For a moment she let him concentrate on driving as he pulled in behind a fuel truck heading… was it West? She couldn’t be sure but she seemed to remember Garrett had said the city of Hagbr was the closest major place when he’d pointed out where they were on a map. So that had to be where they were headed, right? Or, at least, where they could transfer to a vehicle that wasn’t smaller than the truck in front’s wheels. Of course it meant she could actually see it, looking up over the dashboard as she was currently being forced to do. She glanced over at her ‘protector’, the Golta guy, and hoped she’d not just got into a car with a professional liar or, worse, a local cop. She heard vehicles passing.
“within the automobile,” Golta growled as he glanced at the passing vehicles. “Special 14’s”
She looked up at him. “S…Special 14’s?” She tried looking around but the seat was in the way so she looked forward again. “I… I heard about them,” she continued. “Are…aren’t they a bit old?”
“Fast enough to eat up the head start we have as soon as they check the surveillance outside the bar.” He looked down at her, back up to the road and down to her again. “Do you want a booster seat?”
She closed her eyes and looked up to the underside of the cartop. “I want to go home,” she moaned, “I want to be safe, I want to not know the things I know… I want to not be chased by people with guns, not to have been locked up for so long, not to have every bone and muscle aching and, oh boy, do I want a booster seat!” She risked a smile. “Or a Frenkin auto services car.”
“It’d need to be a convertible,” Golta reminded her. “With no front seat.”
“You mainlines are too muffins and cookies big,” she told him. “And Garrett wouldn’t have CCTV of his parking lot, surely?”
“Locals probably have a motion capture camera hidden in one of the streetlamps,” Golta told her. “It won’t take them long to see us.” He indicated that he wanted to pass the lorry and a black furred arm waved him past. The Car pushed up to sixty miles an hour and out into the oncoming lane.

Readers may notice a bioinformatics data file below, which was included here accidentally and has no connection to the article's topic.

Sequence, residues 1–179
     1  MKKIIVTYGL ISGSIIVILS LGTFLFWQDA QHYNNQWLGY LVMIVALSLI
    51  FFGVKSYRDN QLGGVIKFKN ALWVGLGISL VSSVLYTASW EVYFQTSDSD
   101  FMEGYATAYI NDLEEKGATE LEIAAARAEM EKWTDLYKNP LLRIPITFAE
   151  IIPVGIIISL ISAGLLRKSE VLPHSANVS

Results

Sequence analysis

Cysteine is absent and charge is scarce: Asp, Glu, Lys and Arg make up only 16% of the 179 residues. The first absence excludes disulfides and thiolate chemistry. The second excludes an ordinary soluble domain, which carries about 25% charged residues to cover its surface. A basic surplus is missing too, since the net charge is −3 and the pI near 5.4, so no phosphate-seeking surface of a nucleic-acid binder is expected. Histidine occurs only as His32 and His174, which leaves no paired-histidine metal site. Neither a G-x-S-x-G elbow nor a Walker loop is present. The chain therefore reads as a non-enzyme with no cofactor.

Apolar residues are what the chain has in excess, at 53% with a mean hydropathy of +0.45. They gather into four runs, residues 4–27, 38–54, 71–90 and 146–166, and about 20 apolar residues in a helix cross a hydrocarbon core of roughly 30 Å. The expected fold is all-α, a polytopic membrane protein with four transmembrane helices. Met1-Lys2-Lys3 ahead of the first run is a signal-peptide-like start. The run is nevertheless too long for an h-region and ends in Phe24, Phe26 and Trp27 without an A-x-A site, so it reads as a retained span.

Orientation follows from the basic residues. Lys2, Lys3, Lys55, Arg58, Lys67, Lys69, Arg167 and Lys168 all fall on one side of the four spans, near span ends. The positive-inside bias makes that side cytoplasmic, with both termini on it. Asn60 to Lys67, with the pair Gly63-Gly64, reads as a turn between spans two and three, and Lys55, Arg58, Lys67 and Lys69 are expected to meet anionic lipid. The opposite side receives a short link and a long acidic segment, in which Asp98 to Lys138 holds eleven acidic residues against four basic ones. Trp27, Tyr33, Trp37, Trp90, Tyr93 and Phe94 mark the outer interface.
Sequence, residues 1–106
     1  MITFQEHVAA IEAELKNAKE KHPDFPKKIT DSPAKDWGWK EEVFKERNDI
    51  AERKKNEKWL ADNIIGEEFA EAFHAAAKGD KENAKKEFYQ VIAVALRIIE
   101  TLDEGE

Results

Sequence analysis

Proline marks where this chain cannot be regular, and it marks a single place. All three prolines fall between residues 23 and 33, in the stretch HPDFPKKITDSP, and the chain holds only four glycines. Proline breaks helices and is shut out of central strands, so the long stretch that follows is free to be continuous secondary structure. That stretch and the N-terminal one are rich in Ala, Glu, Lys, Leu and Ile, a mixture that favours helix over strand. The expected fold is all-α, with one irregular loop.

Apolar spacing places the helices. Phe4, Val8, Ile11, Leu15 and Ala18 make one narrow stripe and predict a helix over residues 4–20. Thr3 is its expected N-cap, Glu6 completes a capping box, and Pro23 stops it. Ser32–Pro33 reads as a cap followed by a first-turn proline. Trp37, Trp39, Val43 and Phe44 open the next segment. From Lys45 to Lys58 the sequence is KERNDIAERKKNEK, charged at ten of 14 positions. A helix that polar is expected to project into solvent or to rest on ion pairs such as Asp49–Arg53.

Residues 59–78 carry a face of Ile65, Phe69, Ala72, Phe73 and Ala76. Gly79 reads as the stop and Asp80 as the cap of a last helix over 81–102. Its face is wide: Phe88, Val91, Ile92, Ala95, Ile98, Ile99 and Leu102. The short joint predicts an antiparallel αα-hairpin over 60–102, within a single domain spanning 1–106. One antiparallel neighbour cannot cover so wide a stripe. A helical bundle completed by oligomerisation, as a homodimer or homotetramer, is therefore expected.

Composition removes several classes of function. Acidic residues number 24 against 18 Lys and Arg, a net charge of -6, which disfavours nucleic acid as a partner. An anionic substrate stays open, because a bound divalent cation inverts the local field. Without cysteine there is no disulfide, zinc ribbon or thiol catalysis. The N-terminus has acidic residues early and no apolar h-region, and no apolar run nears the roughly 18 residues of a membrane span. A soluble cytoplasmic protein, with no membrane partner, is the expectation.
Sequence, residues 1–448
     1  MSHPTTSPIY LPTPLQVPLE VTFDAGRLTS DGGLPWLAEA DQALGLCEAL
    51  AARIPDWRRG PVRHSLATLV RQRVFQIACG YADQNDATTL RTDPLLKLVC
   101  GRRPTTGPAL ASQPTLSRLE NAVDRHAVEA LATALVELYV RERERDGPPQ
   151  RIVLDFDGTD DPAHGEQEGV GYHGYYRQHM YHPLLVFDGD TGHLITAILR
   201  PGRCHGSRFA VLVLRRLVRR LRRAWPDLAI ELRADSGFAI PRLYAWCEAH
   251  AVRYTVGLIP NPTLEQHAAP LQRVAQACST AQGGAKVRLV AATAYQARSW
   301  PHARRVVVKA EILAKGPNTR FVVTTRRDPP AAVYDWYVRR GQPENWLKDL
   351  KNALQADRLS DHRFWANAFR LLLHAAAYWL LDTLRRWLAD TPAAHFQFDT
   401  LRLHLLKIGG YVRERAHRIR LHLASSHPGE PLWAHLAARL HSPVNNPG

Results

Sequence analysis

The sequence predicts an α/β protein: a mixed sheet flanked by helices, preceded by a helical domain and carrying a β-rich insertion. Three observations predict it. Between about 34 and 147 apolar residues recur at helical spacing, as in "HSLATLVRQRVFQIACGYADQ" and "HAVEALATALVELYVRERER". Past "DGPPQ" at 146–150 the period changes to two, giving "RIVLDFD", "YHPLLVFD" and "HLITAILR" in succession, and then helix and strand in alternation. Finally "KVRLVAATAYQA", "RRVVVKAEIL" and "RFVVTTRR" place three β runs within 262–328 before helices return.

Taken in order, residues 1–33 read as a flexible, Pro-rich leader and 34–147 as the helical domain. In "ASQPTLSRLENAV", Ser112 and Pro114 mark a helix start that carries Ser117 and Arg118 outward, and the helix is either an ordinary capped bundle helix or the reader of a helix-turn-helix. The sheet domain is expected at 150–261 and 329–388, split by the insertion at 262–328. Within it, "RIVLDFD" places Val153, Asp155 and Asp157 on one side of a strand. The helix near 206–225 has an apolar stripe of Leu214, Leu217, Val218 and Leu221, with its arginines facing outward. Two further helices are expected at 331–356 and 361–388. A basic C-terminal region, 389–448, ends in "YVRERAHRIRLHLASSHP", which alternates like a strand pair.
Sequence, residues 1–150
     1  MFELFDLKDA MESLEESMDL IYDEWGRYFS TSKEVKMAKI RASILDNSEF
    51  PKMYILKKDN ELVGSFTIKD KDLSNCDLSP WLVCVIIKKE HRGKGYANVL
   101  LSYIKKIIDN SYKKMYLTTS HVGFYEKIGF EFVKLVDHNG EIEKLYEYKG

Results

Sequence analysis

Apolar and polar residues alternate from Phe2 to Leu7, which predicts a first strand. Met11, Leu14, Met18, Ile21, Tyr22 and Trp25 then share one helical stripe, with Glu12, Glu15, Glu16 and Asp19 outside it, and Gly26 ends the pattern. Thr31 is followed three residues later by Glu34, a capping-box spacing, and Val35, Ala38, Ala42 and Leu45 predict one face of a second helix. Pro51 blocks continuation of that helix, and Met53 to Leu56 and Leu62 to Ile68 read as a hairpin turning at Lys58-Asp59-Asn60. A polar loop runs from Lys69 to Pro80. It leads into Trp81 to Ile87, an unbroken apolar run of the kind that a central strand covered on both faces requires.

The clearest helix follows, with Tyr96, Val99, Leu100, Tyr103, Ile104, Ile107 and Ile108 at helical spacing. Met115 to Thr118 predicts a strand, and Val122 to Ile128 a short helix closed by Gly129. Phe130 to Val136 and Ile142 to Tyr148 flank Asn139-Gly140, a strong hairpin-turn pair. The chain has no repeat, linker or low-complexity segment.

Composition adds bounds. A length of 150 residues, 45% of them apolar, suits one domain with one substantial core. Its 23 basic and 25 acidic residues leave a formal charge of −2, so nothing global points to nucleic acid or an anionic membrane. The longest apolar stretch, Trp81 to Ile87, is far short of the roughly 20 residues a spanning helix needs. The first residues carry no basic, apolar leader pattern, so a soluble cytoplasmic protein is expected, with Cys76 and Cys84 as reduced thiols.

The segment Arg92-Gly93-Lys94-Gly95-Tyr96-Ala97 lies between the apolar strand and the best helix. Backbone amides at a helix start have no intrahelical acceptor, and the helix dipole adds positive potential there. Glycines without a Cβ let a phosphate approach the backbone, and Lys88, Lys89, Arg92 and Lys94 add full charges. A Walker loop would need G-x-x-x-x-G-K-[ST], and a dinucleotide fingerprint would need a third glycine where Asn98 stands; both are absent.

The machine purred past the back wheels and she looked up and out of her window. “We could fit under there,” she said abstractly.
He looked over and she could see him making mental calculations before he turned his muzzle back to the road. “Possibly,” he admitted, “but even with my past I wouldn’t like to try it.”
He smiled at her and her fears melted again. “I used to do undercover work,” he confided. “I was a stunt performer for almost a decade.”
She felt like she believed him. It seemed correct. It seemed… him. She gave passing wonder to what heroes he might have stunted for and made invincible. He had to be the sort of performer who could beat ten agents at once in a fair fight. Or at least two in an unfair fight. “I thought you’d be in films,” she said quietly as they passed under the faded, flapping, print for ‘Kova Chemical Waste Services’. “I knew there was a chemical dump near Hagbr,” she added. She slapped a small fist into her left palm and winced, wringing out the hands.’
“You alright,” Golta asked, frowning at her and wrinkling that handsome face.. “Rhetorical. Of course you’re not. Why did you do that?”
She spread her hands in exasperation. “If I’d have known I could have asked the driver questions! Got more information!”
He half smiled. Her fear was hidden now, barely there under her desire to investigate and know. Curiosity, it seemed, was more than a danger to Felines. “One deadly threat at a time please,” he said before looking in the mirror. “Uh, oh.”
“What,” she asked, trying again to turn around.
“There’s a special 14 coming up fast,” he said, turning back to the front view as the road tucked itself in tight to the side of a cliff with a steep incline on the other side. The Picardy gorge, according to the sign that they paid no heed to as they motored past the cab.